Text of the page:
State lawmakers have shown no enthusiasm for building a proposed $42.5 million, 90-bed expansion of the state's Sexual Predator Treatment Program at Larned State Hospital. And no wonder — with a $300 million-plus hole in the next state budget, spending even a dollar more on sex offenders seems like a really bad idea.
In an election year, it also would be politically awkward to slash state funding for public schools, social services and prisons yet build nice new digs for sexual predators.
"If the money is not there to do it, then it is not there to do it," said state Rep. Bob Grant, D-Cherokee, when the House-Senate Building Committee recently heard the proposal from the Kansas Department of Social and Rehabilitation Services.
"If we have $42 million, it would not be in my top priority list to put it into that kind of a program," said Rep. Jerry Williams, D-Chanute, echoing experts' doubts that sexual predators can be treated effectively at all.
The problem is that the Larned program — effective or not, budget shortfall or not — is the state's responsibility and cannot be neglected indefinitely without consequences.
As it is, there have been reports in recent years of understaffing and poor conditions at the facility, and concerns that the costs of the sexual predator unit could undercut the hospital's ability to care for severely mentally ill patients elsewhere on its campus. Keeping a predator in such a program can cost four times more than keeping him in prison, and very few of those committed are ever released.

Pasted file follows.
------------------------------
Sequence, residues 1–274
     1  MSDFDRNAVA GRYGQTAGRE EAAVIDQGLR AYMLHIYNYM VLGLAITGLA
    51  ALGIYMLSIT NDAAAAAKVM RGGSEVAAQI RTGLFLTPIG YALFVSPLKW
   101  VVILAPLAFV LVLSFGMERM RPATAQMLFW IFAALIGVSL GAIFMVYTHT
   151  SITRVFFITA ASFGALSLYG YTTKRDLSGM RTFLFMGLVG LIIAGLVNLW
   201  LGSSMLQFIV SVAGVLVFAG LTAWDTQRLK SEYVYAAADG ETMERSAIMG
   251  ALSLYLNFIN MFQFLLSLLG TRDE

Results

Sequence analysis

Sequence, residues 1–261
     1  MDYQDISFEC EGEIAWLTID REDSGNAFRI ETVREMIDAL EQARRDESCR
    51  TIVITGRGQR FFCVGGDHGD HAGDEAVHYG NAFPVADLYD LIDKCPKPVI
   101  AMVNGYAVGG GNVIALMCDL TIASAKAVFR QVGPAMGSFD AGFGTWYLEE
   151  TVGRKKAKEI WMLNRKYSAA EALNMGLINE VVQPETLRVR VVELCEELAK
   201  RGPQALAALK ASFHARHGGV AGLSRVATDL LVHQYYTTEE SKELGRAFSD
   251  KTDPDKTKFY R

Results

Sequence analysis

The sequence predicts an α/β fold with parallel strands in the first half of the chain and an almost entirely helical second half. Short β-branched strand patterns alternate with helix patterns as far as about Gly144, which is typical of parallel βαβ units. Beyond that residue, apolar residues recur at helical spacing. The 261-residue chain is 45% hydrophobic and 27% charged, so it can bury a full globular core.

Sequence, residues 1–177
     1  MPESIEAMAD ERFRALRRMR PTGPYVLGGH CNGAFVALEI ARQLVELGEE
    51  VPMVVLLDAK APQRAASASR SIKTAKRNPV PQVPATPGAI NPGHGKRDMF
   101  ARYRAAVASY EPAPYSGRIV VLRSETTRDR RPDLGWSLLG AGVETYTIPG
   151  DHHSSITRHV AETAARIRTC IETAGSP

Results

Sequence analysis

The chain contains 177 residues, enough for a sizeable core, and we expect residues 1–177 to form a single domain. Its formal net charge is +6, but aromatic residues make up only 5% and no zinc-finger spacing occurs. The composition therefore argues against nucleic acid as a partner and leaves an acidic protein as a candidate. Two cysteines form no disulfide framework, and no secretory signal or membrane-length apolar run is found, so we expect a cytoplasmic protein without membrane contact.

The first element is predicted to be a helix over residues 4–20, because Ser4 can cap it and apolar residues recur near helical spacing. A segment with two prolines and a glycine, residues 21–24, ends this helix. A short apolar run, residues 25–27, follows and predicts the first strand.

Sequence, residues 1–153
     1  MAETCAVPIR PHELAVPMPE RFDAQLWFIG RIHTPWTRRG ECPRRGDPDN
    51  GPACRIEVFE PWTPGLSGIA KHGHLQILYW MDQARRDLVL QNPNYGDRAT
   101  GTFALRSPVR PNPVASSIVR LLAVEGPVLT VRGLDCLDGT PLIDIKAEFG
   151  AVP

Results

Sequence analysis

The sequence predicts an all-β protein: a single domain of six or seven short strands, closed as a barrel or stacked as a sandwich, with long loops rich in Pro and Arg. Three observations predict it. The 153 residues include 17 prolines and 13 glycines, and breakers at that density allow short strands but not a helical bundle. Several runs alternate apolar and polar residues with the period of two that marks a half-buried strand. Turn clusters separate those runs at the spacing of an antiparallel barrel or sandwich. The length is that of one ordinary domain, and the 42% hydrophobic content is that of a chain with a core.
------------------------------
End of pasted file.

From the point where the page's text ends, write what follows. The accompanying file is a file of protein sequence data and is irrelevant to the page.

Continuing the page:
Legislators of 2010 face this costly problem because of a 1994 law inspired by the rape and murder of a Pittsburg State University student by Donald Ray Gideon, who was on parole after serving prison time for another rape.
Meant for sex offenders who have finished their prison time and been deemed a threat to society and civilly committed, the law also passed constitutional muster on a 5-4 vote in the U.S. Supreme Court in 1997, back when there were nine individuals in the Larned program. When then-Attorney General Carla Stovall successfully defended the law again before the high court in 2001, the program held 70 predators.
With 189 in the program now and predictions that it will hit its 214 capacity by 2012, the program's benefits and sustainability are questionable. Lawmakers who see nothing wrong with civil commitment for the worst sex offenders need to accept that doing so comes with a price. Or if locking up predators is the priority, at least drop the "treatment" pretense and do so with longer prison sentences.